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Tips For Surviving The Fresh Hell That Is Time Indoors With Kids

Parents everywhere are getting emails from kids’ principals and pediatricians explaining that lengthy school closures to slow the spread of the novel coronavirus have gone from a “can you imagine?!” hypothetical to something resembling a distinct possibility. While the information out there remains scarily vague, we are not new to the notion of being stuck inside with little ones as moms with six kids between us, ages 7 to 17. It might be COVID-19 this week, but when you’re a parent, there’s always something. Snowstorms, stomach bugs, and strep throat are clear and present dangers to a life involving fresh air, for parents and kids alike.

And while there are plenty of lists out there telling you what to stock up on, when it comes to keeping kids occupied, hand sanitizer and zinc lozenges will only get you so far. And while your kids might think unlimited screen time sounds fantastic, the rebound crankiness your preschooler will have after a day’s worth of even the gentlest, most educational programming will not have been worth those few productive hours. So here are the things we think parents should prepare now for ahead of being stuck inside with your kids— and how to avoid the shack-wackys, once you are.

Get A White Board

The best way to get through the new reality of being in each other’s faces all day? Make a plan. Write the activities for the day on a white board— mealtimes, reading times, movie night— and post it near the kitchen table. (Draw pictures for the non-readers.) The true wonder of a white board is that kids never try to negotiate with it. If Mom says to turn off Mario Kart at 10 a.m., there will probably be wailing and gnashing of teeth, no matter how many reasonable warnings were given. But if the white board says “screen time” ends at 10 a.m., kids just fall in line! You don’t have to save the white board for quarantine situations, but it’s a must to have around if that’s where you end up.

Hit The Library

Even our reluctant readers were always happy to settle down with a pile of books they hadn’t seen before. Take out an assortment of titles for your kids and stash them away until the stir-crazies set in; then deploy a “book trap.” While your kids are out of the room, spread a blanket out on the floor picnic-style, and scatter the new books across it. Let them discover it themselves. If your kids are anything like ours, you’ve just found an hour of peaceable silence.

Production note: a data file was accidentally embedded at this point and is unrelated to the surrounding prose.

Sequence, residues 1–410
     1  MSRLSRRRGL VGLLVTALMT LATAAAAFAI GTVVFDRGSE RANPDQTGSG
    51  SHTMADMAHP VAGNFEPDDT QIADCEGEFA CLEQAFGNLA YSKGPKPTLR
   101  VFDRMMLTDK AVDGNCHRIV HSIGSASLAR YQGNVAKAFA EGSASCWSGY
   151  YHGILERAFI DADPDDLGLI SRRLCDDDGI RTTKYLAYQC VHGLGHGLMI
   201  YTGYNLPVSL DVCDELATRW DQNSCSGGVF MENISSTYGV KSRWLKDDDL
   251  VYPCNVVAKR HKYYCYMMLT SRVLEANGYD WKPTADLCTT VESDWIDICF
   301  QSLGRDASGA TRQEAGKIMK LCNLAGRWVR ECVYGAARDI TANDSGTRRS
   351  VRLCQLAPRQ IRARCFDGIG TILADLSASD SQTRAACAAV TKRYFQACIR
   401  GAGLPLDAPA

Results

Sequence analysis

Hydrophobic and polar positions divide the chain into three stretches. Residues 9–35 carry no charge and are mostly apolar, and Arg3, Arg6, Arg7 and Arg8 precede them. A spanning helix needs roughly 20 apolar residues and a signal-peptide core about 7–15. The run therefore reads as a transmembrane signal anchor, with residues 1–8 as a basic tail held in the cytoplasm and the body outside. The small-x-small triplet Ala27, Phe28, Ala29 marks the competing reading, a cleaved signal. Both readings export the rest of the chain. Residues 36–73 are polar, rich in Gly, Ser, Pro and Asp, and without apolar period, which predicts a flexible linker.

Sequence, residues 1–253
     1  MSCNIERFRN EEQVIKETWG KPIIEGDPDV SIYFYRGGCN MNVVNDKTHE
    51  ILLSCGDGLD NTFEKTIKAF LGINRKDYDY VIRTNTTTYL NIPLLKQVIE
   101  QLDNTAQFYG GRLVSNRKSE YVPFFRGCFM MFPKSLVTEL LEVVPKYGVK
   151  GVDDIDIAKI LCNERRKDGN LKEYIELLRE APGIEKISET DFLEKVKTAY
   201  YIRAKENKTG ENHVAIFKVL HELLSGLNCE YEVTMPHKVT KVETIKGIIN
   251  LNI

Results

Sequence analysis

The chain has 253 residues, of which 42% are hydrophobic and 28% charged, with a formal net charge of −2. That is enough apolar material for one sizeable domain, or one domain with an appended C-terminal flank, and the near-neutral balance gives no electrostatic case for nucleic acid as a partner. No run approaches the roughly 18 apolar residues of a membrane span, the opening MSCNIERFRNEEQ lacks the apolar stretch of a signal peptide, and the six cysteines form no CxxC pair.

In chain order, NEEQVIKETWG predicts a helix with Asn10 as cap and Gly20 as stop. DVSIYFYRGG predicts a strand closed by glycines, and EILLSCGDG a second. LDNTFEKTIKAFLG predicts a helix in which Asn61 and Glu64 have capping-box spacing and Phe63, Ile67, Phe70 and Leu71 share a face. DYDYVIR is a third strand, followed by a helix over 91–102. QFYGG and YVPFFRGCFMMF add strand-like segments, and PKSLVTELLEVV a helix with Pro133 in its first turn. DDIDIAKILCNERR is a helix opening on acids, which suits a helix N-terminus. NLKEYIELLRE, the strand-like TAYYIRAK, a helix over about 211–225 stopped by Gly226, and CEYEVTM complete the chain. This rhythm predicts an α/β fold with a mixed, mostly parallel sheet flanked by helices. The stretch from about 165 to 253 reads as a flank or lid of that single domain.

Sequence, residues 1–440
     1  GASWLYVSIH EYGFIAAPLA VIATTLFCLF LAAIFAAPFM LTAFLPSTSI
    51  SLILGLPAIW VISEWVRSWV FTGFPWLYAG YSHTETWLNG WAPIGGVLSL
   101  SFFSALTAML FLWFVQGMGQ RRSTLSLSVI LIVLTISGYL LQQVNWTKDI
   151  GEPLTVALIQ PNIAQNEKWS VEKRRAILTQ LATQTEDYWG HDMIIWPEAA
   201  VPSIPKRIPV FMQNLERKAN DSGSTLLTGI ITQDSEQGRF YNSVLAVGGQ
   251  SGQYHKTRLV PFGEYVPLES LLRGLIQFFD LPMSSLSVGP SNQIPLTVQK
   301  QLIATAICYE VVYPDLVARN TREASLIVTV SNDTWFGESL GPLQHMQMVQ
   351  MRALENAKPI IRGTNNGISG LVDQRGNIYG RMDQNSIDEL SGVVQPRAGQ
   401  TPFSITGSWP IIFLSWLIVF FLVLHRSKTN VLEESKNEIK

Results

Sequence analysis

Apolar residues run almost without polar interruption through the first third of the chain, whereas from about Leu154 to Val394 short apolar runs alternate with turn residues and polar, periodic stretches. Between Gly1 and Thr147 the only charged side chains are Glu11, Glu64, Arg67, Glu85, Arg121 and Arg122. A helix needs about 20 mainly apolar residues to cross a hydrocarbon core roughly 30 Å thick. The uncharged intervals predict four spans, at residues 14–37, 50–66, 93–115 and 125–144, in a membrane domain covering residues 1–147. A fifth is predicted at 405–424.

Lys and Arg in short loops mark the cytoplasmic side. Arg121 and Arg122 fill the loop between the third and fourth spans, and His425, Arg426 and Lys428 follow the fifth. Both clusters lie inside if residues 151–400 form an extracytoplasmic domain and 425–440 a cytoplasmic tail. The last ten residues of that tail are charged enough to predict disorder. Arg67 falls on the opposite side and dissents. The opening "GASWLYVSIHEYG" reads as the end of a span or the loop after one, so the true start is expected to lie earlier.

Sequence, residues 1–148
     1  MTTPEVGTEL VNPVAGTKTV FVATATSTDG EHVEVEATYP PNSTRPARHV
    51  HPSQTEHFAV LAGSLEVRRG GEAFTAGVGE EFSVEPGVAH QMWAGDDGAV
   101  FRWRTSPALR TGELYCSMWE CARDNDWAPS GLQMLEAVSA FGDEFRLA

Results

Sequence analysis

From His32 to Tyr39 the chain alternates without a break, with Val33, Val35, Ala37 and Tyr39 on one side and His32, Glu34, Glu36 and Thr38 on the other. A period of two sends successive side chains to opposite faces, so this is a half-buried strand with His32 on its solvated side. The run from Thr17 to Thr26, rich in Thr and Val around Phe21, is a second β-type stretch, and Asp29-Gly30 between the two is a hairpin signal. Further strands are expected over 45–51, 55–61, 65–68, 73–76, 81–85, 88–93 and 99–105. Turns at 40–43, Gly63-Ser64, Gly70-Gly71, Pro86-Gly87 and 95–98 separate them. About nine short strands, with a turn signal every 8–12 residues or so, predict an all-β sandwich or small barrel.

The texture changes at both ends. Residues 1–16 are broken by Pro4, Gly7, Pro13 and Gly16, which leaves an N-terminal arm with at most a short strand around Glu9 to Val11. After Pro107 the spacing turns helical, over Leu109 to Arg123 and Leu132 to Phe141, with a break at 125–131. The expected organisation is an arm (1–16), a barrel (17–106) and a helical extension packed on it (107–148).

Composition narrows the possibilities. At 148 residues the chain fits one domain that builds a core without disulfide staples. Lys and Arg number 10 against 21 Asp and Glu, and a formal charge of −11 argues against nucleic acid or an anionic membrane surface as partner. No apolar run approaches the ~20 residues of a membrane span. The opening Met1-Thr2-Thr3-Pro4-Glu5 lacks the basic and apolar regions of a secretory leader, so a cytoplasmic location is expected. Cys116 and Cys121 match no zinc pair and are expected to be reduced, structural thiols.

Diapers, Wipes, & Chicken Nuggets

It’s not that the items we go through the most as parents will be suddenly unavailable in a pandemic; it’s that you don’t want to discover you’re almost out of diapers once you’re trying not to leave the house. Get an extra pack of diapers and wipes while you’re thinking of it. And if you’ve got a picky eater who only eats certain sorts of Lunchables, stock up on those too. When you’re already tired and cranky, convincing your toddler to try sardines probably won’t go so well.

Sneak In Productivity

Cabin-fever days are perfect for attacking the back of the closet, the pile of unmatched socks, and the Tupperware that never seems to have a top. Have your kid do a fashion show with the dress-up clothes they only wear a couple times a year, then put the too-tight stuff right into a bag for the thrift store. Pay a nickel for each pair of socks that get matched. Sharpen all the colored pencils (and throw away the broken ones) when it’s time to color. If your kids give you a hard time, set a timer and make it a game. Little hands can do a lot in 10 minutes!

Sky Rules

Our families live by “sky rules” when we travel by air. Basically, it means that at 35,000 feet, anything goes. If eating Cheetos and watching Paw Patrol keeps them happy as we fly the not-always-friendly skies, then it’s okay with us. And even though we believe in routine and schedule and variety, there are times when a pandemic quarantine might need some “sky rules” too. Our kids may eat too much pasta. They may watch an entire Disney+ series in one sitting. They may fight with their siblings. A lot. And that’s OK. You’ll know when it’s time to say “how about we all do some homework?” and when it’s time to let things slide. Your number one job as a parent is to get your family through it all. So let the rules you set help you — and when they don’t, let them be. Finding the right balance will be what makes each day go by in the easiest way possible.

If you think you’re showing symptoms of coronavirus, which include fever, shortness of breath, and cough, call your doctor before going to get tested. If you’re anxious about the virus’s spread in your community, visit the CDC for up-to-date information and resources, or seek out mental health support. You can find all of Romper’s parents + coronavirus coverage here, and Bustle’s constantly updated, general “what to know about coronavirus” here.